All negative externalities are, by definition, encroachments on other people’s lives and property. So, even hard-core libertarians who believe that governments should do nothing more than protect people from such encroachments should be willing to accept a consumption tax specifically designed to counteract such encroachments. From this viewpoint, the consumption tax is not paternalistic meddling. Rather, it is a classical “Pigovian tax” designed to correct the negative externalities of market activity. … From that perspective, it seems reasonable that governments should impose consumption taxes designed to neutralize each product type’s externalities. In other words, we should be free to choose what we buy and how we live, as long as we pay the fair price for every harm we do to others in the process.
If we are going to raise tax revenue, Pigovian taxes are one of the more efficient ways to do it. However, Miller spots my number one concern:
Skeptics might object that to set appropriate product-specific consumption tax rates would require a vast new government bureaucracy. We would need thousands of economists, statisticians, actuaries, and psychologists to measure all the externalities, risks, and costs of every product class. That is true, but that is precisely what we need: good solid data about the true social and environmental costs of the goods and services we buy. If we don’t collect and analyze such data, all arguments about the social and environmental effects of different policies are just blather. They can’t be evidence-based if there is no evidence.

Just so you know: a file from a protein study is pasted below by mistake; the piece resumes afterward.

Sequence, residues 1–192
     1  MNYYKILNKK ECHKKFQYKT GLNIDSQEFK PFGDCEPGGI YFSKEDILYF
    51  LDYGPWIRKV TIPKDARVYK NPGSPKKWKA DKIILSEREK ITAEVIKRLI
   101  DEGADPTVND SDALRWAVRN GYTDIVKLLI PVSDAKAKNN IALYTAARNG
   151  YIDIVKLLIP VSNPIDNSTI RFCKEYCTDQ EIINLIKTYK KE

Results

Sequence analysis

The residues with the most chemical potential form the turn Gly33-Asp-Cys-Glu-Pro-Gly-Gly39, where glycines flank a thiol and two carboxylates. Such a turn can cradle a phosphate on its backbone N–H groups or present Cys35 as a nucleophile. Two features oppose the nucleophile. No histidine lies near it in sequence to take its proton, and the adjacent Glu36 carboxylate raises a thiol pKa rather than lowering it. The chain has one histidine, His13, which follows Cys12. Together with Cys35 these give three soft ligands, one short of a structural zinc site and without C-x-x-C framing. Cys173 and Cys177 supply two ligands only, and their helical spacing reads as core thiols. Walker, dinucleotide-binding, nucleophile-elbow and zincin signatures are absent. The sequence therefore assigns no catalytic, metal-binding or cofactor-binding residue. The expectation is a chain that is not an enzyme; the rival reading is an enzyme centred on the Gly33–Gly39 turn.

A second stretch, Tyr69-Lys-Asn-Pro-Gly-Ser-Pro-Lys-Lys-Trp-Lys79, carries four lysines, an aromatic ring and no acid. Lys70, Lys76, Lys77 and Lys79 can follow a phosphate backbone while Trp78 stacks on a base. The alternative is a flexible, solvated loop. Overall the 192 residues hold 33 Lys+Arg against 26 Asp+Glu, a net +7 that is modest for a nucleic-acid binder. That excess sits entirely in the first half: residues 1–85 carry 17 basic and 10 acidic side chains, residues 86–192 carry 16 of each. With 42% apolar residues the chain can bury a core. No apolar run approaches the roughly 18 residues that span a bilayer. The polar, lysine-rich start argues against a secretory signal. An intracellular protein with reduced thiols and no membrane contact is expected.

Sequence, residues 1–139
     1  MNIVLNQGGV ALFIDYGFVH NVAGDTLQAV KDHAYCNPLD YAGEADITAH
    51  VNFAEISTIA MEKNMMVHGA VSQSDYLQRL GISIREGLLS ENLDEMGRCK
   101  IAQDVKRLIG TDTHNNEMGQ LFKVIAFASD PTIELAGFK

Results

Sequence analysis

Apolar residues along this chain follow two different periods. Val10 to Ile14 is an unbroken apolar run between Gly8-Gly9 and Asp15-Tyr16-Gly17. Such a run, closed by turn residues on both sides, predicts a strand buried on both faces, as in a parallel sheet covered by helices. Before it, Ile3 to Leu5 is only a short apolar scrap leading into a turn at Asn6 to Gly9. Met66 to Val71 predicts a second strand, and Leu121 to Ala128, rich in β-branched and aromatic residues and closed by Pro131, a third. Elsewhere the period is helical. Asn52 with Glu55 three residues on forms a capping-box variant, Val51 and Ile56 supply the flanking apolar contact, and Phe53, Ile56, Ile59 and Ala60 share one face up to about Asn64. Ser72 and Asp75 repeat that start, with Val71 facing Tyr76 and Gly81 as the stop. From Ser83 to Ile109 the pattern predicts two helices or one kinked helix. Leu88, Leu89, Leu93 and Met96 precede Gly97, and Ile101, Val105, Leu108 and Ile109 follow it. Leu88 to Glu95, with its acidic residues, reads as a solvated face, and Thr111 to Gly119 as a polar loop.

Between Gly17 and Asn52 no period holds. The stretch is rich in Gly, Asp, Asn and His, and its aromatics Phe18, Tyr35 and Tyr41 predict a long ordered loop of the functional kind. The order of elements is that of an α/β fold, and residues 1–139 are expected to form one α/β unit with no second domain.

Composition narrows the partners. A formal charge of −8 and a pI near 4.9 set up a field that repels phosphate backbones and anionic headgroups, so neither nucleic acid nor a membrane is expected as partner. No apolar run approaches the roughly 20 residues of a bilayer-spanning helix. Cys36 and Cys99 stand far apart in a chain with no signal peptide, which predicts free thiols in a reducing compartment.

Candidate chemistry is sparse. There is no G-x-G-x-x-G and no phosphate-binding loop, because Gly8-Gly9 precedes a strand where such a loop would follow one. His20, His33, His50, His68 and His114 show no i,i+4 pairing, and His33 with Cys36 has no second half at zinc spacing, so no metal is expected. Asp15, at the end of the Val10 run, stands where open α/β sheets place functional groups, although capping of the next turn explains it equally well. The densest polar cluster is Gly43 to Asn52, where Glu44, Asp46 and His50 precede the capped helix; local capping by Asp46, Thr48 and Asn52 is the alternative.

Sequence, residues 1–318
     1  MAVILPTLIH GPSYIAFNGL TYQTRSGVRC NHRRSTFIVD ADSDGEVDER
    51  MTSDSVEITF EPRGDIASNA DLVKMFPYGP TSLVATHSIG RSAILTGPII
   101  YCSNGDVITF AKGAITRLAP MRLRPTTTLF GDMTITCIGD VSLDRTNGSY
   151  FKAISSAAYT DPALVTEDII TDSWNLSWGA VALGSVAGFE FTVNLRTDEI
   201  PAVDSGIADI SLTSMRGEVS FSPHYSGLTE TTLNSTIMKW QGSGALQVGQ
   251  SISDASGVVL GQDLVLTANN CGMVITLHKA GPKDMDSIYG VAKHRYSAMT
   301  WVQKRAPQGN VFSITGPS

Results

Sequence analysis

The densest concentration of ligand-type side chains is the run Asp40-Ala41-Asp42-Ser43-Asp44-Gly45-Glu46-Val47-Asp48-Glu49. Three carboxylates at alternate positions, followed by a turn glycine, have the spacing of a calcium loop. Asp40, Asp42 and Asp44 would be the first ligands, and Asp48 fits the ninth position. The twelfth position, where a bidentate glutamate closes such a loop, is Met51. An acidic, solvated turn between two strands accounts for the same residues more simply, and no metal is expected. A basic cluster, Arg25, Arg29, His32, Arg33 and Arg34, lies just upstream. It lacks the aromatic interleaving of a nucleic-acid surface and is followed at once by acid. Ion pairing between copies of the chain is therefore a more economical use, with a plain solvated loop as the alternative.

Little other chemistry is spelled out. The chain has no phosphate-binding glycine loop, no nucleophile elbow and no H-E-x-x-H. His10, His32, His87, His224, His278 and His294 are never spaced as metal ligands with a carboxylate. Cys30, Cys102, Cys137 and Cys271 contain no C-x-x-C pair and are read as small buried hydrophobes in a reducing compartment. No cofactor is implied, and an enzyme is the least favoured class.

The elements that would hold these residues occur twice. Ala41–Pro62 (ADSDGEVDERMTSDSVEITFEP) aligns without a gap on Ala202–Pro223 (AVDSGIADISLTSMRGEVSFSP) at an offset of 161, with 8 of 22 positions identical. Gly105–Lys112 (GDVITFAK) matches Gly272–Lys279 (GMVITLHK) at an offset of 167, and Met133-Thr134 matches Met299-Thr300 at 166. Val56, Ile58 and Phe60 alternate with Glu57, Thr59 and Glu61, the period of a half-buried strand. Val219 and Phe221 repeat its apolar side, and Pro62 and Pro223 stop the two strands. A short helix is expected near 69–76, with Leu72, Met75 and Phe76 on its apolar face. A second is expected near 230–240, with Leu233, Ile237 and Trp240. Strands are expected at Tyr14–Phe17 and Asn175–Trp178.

Miller’s view of a product-by-product assessment would seem to offer massive opportunity for companies to lobby for different taxes on competitor’s products as theirs has a longer-life or is more environmentally friendly. And I’m not sure it is required. As an alternative, taxes at the source, such as a carbon tax, would allow the market to allocate the carbon price across products. To address the short life-span of products, you make people pay the costs of their disposal. The bureaucracy could be smaller than it is.
Some of Miller’s other proposals, such as subsidies for positive externalities like fitting airbags to cars, might also be better addressed by looking at the incentives. If we put more of the burden of health care of individuals, this increases their incentive to act safely. They can choose their own balance between airbags and speed – or possibly an insurance policy that gives them a discount because they have airbags.
Miller ends the book with a series of exercise for the reader. You can go through a check-list of the experiences of our paleolithic ancestors, assess what is the purposes of your consumption and consider alternative signalling techniques. It is a useful set of exercises and highlights what is the most useful message of the book – as you go to make each purchase, consider what you are intending to signal by it and whether there is a more effective way to send that message. Are you simply sending the same signal as everyone else? In Miller’s words:
You anticipate the minor mall adventure: the hunt for the right retail environment playing cohort-appropriate nostalgic pop, the perky submissiveness of sales staff, the quest for the virgin product, the self-restraint you show in resisting frivolous upgrades and accessories, the universe’s warm hug of validation when the debit card machine says “Approved,” and the masterly fulfillment of getting it home, turned on, and doing one’s bidding. The problem is, you’ve experienced all this hundreds of times before with other products, and millions of other people will experience it with the same product. The retail adventure seems unique in prospect but generic in retrospect. In a week, it won’t be worth talking about.
If your intention was to send a signal with this product, forget it. But if it is useful, that’s another thing.